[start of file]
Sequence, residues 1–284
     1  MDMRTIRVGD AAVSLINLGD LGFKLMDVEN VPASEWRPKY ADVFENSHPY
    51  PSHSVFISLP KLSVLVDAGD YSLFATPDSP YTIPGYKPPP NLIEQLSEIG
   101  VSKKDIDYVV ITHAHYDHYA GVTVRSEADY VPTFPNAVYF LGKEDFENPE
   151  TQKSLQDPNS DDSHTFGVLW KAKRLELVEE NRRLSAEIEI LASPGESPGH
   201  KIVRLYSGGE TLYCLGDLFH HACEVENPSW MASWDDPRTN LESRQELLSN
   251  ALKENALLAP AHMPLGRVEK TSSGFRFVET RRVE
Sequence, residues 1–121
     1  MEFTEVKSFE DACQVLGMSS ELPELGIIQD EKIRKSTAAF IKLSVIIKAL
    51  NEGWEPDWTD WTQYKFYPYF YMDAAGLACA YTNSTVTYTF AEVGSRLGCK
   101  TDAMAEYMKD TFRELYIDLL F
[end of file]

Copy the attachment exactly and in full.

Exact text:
Sequence, residues 1–284
     1  MDMRTIRVGD AAVSLINLGD LGFKLMDVEN VPASEWRPKY ADVFENSHPY
    51  PSHSVFISLP KLSVLVDAGD YSLFATPDSP YTIPGYKPPP NLIEQLSEIG
   101  VSKKDIDYVV ITHAHYDHYA GVTVRSEADY VPTFPNAVYF LGKEDFENPE
   151  TQKSLQDPNS DDSHTFGVLW KAKRLELVEE NRRLSAEIEI LASPGESPGH
   201  KIVRLYSGGE TLYCLGDLFH HACEVENPSW MASWDDPRTN LESRQELLSN
   251  ALKENALLAP AHMPLGRVEK TSSGFRFVET RRVE
Sequence, residues 1–121
     1  MEFTEVKSFE DACQVLGMSS ELPELGIIQD EKIRKSTAAF IKLSVIIKAL
    51  NEGWEPDWTD WTQYKFYPYF YMDAAGLACA YTNSTVTYTF AEVGSRLGCK
   101  TDAMAEYMKD TFRELYIDLL F